Two beloved disciples asked the Lord for thrones of glory, and He gave them His Cup (Matthew 20.23).
The Cup of Christ is suffering. But for those who drink from it on earth, the Cup of Christ grants participation in Christ's Kingdom. It prepares for them the thrones of eternal glory in heaven. We stand in silence before the Cupof Christ, nor can any man complain about it or reject it; for He, Who commanded us to taste it, first drank of it Himself.
O tree of knowledge of good and evil! You killed our ancestors in Paradise, you deceived them by the delusions of sensual pleasure and the delusions of reason. Christ, the Redeemer of the fallen, brought His Cup of Salvation into this world — to the fallen and to those who are exiled from Paradise.
The bitterness of this Cup cleanses the heart from forbidden, destructive and sinful pleasure. Through the humility that flows from it in abundance, the pride of understanding on the carnal level is mortified. To him who drinks from the Cup with faith and patience, the eternal life, which was — and still is — lost to him by his tasting of forbidden fruit, will be restored.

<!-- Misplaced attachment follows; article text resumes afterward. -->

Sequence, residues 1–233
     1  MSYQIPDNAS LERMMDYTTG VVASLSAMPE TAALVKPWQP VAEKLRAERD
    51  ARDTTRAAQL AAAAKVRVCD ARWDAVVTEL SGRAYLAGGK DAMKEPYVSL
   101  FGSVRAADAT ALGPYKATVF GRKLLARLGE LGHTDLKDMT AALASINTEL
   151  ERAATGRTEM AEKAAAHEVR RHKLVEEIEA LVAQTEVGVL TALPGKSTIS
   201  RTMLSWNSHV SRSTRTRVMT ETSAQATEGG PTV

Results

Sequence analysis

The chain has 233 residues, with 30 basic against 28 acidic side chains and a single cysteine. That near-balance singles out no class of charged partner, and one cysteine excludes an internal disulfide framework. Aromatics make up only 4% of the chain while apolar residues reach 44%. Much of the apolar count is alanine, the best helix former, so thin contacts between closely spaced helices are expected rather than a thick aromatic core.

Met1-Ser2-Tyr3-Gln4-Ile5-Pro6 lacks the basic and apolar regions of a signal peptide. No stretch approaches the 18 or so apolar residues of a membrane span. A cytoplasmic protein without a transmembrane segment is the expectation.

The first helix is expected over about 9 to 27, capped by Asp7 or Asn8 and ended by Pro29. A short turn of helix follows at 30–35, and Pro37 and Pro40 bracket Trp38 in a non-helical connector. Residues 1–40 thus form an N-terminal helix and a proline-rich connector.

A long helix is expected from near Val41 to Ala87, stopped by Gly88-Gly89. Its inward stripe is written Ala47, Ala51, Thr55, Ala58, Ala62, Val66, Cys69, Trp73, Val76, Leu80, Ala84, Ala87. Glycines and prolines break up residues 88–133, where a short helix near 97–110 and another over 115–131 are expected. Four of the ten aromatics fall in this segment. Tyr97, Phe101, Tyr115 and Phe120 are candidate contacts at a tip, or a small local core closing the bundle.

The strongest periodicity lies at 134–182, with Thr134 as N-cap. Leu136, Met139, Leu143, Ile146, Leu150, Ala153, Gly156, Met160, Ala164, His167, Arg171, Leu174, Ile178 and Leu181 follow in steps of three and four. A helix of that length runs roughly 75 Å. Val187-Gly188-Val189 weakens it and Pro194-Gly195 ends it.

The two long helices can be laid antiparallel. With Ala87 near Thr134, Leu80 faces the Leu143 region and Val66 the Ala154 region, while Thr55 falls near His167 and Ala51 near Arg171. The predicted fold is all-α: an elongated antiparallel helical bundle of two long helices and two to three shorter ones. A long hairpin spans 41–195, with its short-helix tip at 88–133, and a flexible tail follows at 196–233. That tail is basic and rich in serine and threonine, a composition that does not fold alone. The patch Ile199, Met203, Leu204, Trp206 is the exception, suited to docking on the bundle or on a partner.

I will accept the Cup of Christ — the cup of salvation.
The Cup is accepted when the Christian bears earthly tribulation in the spirit of humility learnt from the Gospel. St Peter turned swiftly with a naked sword to defend the God-Man, Who was surrounded by evil doers; but Jesus said to Peter: Put up thy sword into the sheath: the cup which My Father hath given Me, shall I not drink it? (John 18.11).
So, too, when disaster surrounds you, you should comfort and strengthen your soul, saying, 'The Cup which my Father hath given me, shall I not drink it?' The Cup is bitter: at first sight all human reasoning is confounded. Surmount reason by faith and drink courageously from the bitter Cup: it is the Father Who gives it to you, He who is all good and all wise. It is neither the Pharisees, nor Caiaphas, nor Judas who prepared the Cup; it is neither Pilate nor his soldiers who give it! The cup which my Father hath given me, shall I not drink it?